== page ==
U.S. Cotton in WWII

While World War I may not have shown economic growth in the cotton industry in the United States, the following war, World War II would.  With the United states leading in manufacturing during the war, the nations found itself with a surplus of cotton.[1] The Berry Amendment aided a bit with this production, forcing all military supplies to be produced in-house by the United States.[2] Now they created almost 50% of all the world’s raw cotton.[3] Egypt, the once leader of the cotton industry, found itself in a completely opposite situation.  With war on their lands, cotton crops turned to necessity of food.  Less trades went through as well, leading to a significant drop in cotton manufacturing.  Now, Egypt found themselves producing only around 4% of the world’s cotton.[4] The U.S. in 1948 created almost 52% of the world’s cotton, leaving Egypt at about 6%. [6]

In 1948, when Congress met to discuss Germany and their production of synthetic fibers. The desire of the U.S. was not to block off the economy of Germany. This could be assumed to be from the experience after WWI’s demands on Germany. Germany could still create synthetic fibers, although there would be limits to the production. [6] Cotton was preferred, as the chemicals that went into synthetic production could potentially be used for future warfare. With the fear of the Cold War and Russian claim to cotton manufacturing, the United States had to make sure they retained their claim.  Congress moved in 1948 to sell excess cotton textiles to occupied areas, like that of Germany and Japan to help promote the market.[5]

Cotton, which is widely overlooked today as a big part of our world, led the U.S. in taking the crown in manufacturing in WWII. It is almost odd to think of fabric manufacturing as a concern after war, and how control of the markets can help subdue other countries.



[1] James L Forsythe. “World Cotton Technology since World War II.” Agricultural History 54, no. 1 (1980): 208-22. Accessed February 6, 2021.

[2] “DPAP: Contract Policy and International Contracting: International Contracting: Berry Amendment (10 U.S.C. 2533a).” DPAP | Contract Policy and International Contracting | International Contracting | Berry Amendment (10 U.S.C. 2533a).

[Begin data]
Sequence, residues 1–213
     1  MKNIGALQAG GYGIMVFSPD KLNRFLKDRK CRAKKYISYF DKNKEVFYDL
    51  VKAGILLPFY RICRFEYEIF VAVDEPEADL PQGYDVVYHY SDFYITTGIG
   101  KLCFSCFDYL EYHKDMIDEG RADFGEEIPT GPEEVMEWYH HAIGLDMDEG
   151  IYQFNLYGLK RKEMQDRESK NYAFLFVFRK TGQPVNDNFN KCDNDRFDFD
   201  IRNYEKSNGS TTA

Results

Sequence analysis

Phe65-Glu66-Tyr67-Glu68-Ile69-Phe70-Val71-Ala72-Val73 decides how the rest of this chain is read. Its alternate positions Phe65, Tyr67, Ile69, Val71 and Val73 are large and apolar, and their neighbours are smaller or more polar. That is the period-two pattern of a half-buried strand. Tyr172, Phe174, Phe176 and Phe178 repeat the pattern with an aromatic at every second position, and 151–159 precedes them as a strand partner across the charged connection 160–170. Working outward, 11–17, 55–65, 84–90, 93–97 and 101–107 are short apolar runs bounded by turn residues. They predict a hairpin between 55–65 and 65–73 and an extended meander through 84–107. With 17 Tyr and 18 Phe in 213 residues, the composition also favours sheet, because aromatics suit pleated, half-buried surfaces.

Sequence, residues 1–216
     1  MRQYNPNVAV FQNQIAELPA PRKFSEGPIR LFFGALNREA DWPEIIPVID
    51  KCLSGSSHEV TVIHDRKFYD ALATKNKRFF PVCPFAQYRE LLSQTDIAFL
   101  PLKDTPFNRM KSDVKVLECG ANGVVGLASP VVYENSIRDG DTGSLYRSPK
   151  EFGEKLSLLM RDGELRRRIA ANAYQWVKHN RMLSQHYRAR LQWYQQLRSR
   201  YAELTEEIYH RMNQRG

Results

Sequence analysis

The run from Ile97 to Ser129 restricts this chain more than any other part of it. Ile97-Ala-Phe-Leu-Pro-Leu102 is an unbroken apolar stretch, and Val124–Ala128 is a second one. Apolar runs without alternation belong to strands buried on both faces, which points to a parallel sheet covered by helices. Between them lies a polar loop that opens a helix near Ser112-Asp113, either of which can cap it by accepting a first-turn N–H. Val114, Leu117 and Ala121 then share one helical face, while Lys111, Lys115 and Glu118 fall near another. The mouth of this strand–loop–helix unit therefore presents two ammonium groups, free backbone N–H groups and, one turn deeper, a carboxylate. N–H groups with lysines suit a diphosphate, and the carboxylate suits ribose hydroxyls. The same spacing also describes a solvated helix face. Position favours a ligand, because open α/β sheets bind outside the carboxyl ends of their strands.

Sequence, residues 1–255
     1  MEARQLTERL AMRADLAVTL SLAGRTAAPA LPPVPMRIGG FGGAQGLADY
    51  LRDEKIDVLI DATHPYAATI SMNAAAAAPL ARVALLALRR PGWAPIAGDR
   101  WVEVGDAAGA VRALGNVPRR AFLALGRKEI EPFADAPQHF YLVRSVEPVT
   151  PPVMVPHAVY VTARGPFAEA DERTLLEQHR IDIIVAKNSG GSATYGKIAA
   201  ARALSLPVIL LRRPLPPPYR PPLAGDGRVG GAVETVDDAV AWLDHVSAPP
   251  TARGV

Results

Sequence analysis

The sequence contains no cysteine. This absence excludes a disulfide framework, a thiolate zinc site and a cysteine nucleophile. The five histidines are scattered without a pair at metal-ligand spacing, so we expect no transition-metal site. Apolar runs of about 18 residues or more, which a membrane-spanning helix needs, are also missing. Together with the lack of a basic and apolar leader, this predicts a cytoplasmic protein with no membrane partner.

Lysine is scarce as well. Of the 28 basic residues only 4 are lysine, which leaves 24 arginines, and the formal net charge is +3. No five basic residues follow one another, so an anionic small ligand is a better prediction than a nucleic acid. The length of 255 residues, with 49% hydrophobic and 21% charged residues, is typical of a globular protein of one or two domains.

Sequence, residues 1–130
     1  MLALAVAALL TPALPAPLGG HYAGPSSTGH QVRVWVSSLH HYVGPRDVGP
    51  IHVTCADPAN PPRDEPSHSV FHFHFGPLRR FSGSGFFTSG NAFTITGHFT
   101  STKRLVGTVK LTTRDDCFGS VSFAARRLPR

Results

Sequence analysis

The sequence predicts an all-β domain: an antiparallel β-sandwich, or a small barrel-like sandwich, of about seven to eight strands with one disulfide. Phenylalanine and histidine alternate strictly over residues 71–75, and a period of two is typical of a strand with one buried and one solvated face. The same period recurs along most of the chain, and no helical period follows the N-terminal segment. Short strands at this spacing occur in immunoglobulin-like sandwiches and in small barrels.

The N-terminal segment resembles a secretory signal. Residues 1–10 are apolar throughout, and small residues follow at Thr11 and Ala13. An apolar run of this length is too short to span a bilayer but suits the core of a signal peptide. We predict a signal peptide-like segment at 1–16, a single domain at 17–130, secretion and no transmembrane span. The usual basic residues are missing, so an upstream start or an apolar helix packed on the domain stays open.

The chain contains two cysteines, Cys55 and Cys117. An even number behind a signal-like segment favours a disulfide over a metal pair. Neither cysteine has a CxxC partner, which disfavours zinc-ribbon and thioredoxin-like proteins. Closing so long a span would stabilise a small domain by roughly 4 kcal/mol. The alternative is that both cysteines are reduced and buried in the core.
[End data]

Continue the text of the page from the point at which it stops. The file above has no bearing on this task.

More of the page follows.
[3] Royall Brandis. “Cotton Competition. U. S. and Egypt, 1929-1948.” Southern Economic Journal 19, no. 3 (1953): 339-52. Accessed February 17, 2021. doi:10.2307/1054356.

[4] Brandis. Cotton Competition

[5] Forsythe Ibid pg 214

[6] “European Recovery Program,” Google Books (Google, 1948), https://books.google.com/books?id=rJEtAAAAMAAJ&lpg=PA1065&ots=tCgrJdXhLq&dq=germany+not+allowed+to+make+synthetic+fabric+after+WWII&pg=PP5#v=onepage&q&f=false.

Bibliography

Brandis, Royall. “Cotton Competition. U. S. and Egypt, 1929-1948.” Southern Economic Journal 19, no. 3 (1953): 339-52. Accessed February 17, 2021. doi:10.2307/1054356.

“DPAP: Contract Policy and International Contracting: International Contracting: Berry Amendment (10 U.S.C. 2533a).” DPAP | Contract Policy and International Contracting | International Contracting | Berry Amendment (10 U.S.C. 2533a). Accessed February 6, 2021. https://www.acq.osd.mil/dpap/cpic/ic/berry_amendment_10_usc_2533a.html.

“European Recovery Program.” Google Books. Google, 1948. https://books.google.com/books?id=rJEtAAAAMAAJ&lpg=PA1065&ots=tCgrJdXhLq&dq=germany+not+allowed+to+make+synthetic+fabric+after+WWII&pg=PP5#v=onepage&q&f=false.

Forsythe, James L. “World Cotton Technology since World War II.” Agricultural History 54, no. 1 (1980): 208-22. Accessed February 6, 2021. http://www.jstor.org/stable/3742607.

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